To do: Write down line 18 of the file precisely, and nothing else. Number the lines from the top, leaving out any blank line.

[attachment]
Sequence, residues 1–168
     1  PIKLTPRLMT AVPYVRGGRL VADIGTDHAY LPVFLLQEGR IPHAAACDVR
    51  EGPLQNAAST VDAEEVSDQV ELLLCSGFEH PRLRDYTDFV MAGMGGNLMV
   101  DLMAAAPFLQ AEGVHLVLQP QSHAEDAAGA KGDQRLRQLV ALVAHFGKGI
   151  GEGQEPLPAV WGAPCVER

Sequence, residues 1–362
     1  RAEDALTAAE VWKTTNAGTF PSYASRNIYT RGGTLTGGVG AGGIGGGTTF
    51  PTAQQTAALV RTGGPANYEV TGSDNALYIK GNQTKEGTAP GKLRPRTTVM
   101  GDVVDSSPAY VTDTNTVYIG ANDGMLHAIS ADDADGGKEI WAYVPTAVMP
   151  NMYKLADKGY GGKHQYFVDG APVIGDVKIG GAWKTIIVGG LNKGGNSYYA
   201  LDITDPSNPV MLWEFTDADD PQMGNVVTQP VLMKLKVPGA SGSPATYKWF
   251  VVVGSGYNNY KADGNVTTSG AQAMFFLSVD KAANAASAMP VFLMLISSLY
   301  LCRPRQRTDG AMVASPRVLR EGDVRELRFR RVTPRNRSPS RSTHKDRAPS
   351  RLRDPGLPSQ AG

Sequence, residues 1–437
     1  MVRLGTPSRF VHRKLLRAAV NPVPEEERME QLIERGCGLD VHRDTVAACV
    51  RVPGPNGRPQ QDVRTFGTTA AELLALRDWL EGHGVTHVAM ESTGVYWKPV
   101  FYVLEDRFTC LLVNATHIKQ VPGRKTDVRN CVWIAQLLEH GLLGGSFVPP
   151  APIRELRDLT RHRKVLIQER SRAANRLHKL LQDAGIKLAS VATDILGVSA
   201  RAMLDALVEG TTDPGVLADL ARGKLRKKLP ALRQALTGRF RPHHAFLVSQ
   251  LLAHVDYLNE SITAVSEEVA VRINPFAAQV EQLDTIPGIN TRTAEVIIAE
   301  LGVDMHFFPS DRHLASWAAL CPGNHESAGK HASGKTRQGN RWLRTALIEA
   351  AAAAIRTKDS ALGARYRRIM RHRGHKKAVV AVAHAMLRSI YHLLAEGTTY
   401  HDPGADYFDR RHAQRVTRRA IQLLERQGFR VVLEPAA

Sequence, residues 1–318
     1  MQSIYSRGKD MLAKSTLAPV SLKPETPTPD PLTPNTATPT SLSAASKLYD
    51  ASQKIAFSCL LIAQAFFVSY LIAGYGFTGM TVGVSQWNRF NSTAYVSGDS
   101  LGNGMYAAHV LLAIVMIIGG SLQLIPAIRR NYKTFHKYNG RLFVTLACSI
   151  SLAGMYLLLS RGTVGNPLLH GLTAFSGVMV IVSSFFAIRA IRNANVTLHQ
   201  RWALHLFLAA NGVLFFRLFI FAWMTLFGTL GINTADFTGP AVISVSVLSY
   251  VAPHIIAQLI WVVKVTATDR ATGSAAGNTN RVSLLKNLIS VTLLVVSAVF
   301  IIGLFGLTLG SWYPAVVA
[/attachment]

   101  FYVLEDRFTC LLVNATHIKQ VPGRKTDVRN CVWIAQLLEH GLLGGSFVPP